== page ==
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Otolaryngol Head Neck Surg. 2012 Oct;147(4):619-26. Epub 2012 Jun 27.

A systematic review of laryngomalacia and acid reflux.

Author information

1
Otolaryngology, Head & Neck Surgery, University of British Columbia, Vancouver, BC, Canada. trevor.hartl@gmail.com

Abstract

OBJECTIVE:

To identify and appraise the evidence for an association between laryngomalacia (LM) and acid reflux through a systematic review of the existing literature.

DATA SOURCES:

MEDLINE, EMBASE, the Cochrane Library, Google Scholar, and collected additional publications cited in bibliographies.

REVIEW METHODS:

Literature search by both authors with structured criteria to select studies evaluated for systematic review. The Oxford Centre for Evidence-Based Medicine (CEBM) guidelines were applied to assess study quality of evidence.

RESULTS:

Twenty-seven studies, representing 1295 neonates with LM, were included. Levels of evidence varied from CEBM level 2a (n = 1) to 4 (n = 23). Although reflux definitions were diverse, overall reflux prevalence in this group was 59% (pooled odds ratio [OR] of 4 controlled studies = 1.15, P = .67). Further evidence supporting an association between reflux and LM included the ubiquity of acid reflux using dual-probe pH monitoring in children with LM (2 studies; n = 84), the increased prevalence of reflux in severe as compared with mild LM (3 studies; n = 237; pooled OR = 9.86, P < .0001), case series and reports of LM improvement with antireflux therapy (6 studies; n = 275), and histological evidence of reflux-related laryngeal inflammation in children with LM (2 studies; n = 18).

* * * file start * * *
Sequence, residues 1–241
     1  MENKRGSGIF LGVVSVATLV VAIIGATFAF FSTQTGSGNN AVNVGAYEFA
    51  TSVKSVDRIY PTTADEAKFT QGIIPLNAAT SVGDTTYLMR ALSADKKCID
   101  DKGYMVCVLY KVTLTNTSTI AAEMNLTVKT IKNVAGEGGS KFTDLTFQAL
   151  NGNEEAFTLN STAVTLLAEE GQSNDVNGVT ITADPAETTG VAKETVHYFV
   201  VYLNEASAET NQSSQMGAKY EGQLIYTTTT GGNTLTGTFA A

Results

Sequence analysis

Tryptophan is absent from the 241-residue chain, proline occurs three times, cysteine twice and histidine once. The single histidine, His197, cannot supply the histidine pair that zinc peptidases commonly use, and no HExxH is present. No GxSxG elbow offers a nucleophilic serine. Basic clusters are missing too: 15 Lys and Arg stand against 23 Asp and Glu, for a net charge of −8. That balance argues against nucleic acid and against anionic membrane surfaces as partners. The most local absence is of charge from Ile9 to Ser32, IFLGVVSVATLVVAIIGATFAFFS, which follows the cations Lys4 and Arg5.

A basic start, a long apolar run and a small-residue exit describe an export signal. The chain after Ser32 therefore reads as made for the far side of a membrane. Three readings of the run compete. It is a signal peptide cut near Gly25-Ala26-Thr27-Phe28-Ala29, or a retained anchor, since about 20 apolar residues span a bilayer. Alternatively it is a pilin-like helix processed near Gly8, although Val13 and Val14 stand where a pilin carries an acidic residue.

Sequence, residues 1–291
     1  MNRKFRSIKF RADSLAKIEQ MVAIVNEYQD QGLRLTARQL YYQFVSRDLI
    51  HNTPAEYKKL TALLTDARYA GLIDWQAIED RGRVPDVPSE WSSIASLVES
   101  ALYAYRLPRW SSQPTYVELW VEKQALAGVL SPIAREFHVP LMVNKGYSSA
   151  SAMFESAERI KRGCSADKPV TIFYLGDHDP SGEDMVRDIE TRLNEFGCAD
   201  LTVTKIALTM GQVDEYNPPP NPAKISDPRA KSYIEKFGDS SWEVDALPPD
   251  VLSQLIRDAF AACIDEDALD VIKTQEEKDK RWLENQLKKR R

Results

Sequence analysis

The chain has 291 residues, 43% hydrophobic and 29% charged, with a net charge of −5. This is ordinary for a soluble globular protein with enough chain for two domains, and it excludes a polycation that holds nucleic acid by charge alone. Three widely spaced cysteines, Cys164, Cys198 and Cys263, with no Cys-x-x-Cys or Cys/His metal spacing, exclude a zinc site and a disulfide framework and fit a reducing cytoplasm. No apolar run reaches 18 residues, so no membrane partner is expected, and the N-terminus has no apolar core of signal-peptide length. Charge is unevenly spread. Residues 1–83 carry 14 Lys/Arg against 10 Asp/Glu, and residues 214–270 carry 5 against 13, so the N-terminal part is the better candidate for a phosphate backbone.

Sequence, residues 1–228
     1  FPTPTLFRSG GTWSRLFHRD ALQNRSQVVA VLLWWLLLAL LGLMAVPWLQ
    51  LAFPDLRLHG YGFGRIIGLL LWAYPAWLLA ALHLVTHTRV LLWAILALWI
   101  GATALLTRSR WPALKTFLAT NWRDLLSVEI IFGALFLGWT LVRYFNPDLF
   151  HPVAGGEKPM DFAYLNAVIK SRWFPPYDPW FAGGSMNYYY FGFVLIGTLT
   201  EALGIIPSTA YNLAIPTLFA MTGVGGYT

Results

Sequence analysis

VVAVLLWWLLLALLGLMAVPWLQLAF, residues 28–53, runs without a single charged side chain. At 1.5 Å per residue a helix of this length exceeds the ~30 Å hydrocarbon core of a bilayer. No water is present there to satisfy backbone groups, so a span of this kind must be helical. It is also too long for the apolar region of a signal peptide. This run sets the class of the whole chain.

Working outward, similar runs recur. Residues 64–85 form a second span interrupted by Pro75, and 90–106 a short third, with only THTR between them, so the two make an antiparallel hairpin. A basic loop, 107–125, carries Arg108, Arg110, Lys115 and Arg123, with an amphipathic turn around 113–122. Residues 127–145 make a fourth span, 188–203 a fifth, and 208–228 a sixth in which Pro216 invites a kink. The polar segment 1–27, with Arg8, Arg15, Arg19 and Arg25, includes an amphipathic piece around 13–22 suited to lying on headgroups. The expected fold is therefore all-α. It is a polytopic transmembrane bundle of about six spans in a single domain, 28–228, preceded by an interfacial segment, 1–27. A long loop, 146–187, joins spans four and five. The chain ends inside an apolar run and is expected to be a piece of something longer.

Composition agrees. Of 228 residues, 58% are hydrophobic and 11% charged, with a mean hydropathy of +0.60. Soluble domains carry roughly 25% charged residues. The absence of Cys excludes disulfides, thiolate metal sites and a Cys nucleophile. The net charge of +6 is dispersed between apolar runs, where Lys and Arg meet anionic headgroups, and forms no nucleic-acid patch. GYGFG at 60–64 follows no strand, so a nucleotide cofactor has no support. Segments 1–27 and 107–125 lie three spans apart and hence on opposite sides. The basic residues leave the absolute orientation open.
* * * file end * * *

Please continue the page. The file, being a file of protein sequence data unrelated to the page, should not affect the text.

CONCLUSION:

The literature shows a coexistence between acid reflux and LM, but the evidence for a causal association is limited. In view of the widespread use of antireflux treatment in LM, a randomized controlled trial of antireflux medication vs placebo appears justified.

PMID:
22745201
DOI:
10.1177/0194599812452833
[Indexed for MEDLINE]

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